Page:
BOARD: Where pins are placed. Boards have themes, like health and wellness, exercise clothes, workout tips, etc. (Pinterest)

COMMENT: A short remark posted to a social media post. Users comment positively on posts they like and offer constructive criticism on posts that fall short. (Facebook, Instagram, YouTube)

FAVORITE: To click the heart image under a photo or tweet. This means you like it. All favorite posts show up under the favorites section on your profile. (Instagram and Twitter)

FILTER: An effect applied to a photo. (Instagram)

FOLLOW: When you follow someone, all of their posts will show up on your newsfeed. People who follow you are called followers. (Facebook, Twitter, Instagram, Pinterest)

FRIEND: When you friend someone, all of their posts will show up on your newsfeed and vice versa. Depending on the individual, certain viewing privileges are granted to friends only. (Facebook)

HANDLE: A username. Example: @arthritisfdn (Twitter)

HASHTAG: A type of tag used to find posts about a specific topic. Example: #arthritis#RA (Facebook, Twitter, Instagram)

LIKE: To give something the thumbs up. On YouTube, you can also dislike. (Facebook, YouTube)

NEWSFEED (OR FEED): Where content from the organizations or people you follow, like or are friends with appears. (Facebook, Pinterest, Twitter, Instagram)

PAGE: A profile for an organization or individual used for promotional purposes. You can like a page, but not friend it. (Facebook) 

PIN: To add something to one of your boards. Posts on Pinterest are called pins. (Pinterest)

PLAYLIST: A compilation of related videos. (YouTube)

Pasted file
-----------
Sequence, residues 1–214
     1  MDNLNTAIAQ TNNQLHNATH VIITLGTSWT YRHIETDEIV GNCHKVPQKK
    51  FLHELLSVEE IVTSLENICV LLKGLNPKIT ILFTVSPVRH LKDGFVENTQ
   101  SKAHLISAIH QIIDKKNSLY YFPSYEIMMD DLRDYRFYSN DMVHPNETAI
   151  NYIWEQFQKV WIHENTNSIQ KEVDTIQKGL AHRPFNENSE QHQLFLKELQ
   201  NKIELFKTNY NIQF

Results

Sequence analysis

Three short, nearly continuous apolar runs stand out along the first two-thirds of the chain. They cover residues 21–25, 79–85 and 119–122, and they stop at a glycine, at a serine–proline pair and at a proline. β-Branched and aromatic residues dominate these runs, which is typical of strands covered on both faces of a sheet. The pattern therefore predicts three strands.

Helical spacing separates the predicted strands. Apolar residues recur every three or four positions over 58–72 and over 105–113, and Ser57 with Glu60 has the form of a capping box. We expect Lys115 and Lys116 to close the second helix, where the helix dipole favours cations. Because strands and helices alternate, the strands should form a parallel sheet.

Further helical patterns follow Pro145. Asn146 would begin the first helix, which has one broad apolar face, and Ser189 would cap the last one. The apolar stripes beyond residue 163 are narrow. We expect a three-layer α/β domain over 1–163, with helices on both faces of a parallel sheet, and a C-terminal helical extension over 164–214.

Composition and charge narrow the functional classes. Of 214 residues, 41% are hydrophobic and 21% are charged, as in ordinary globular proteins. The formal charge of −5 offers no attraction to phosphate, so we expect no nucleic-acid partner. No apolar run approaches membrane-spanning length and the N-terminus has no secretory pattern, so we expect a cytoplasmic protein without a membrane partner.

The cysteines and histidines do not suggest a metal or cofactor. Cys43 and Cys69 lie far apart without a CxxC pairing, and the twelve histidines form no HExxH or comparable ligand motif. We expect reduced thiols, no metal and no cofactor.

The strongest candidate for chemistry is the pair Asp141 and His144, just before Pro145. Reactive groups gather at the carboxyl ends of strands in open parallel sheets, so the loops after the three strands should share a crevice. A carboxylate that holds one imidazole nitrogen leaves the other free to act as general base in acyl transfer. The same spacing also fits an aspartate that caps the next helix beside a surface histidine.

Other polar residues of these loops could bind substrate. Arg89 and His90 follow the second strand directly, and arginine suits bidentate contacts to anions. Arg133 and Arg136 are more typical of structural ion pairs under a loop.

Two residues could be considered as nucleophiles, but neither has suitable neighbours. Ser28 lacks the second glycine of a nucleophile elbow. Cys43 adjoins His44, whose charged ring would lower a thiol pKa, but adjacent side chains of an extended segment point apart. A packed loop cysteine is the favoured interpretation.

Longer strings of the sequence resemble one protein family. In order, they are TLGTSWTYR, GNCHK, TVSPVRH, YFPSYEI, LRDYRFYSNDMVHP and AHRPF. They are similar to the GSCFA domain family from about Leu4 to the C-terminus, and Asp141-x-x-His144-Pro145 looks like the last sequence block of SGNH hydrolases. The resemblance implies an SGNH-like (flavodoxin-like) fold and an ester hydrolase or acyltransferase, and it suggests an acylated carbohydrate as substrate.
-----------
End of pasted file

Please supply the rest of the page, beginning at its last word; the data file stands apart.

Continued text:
POST: To upload something to your profile. (Facebook, Instagram, YouTube)

PROFILE: Every user is given a main page called a profile. All of your posts show up on your profile. (Facebook, Twitter, Instagram, Pinterest, YouTube)

RETWEET: To repost a tweet that someone else has tweeted. (Twitter)

SHARE: To repost another person’s or page’s content.  (Facebook)

SUBSCRIBE: To view another user’s content in your newsfeed. (YouTube)

TAG: To link to another user in your post. (Facebook, Instagram)

TAG: Tags are words related to a post that help users find them. (YouTube)

TWEET: A message posted on Twitter. (Twitter)  Glossary | Coalitions 
 

Advocate for What's Right

As an Arthritis Advocate, you’ll feel good about taking action to make health care more accessible. Help shift the policy and public perception that affects those living with arthritis.

I Want to Contribute
I Need Help
  • Donate

    Every gift to the Arthritis Foundation will help people with arthritis across the U.S. live their best life.

  • Volunteer

    Join us and become a Champion of Yes. There are many volunteer opportunities available.

  • Live Yes! INSIGHTS

    Take part to be among those changing lives today and changing the future of arthritis.

  • Partner

    Proud Partners of the Arthritis Foundation make an annual commitment to directly support the Foundation’s mission.

Donate


Make a Donation

Help millions of people live with less pain and fund groundbreaking research to discover a cure for this devastating disease. Please, make your urgently-needed donation to the Arthritis Foundation now!

Become a Member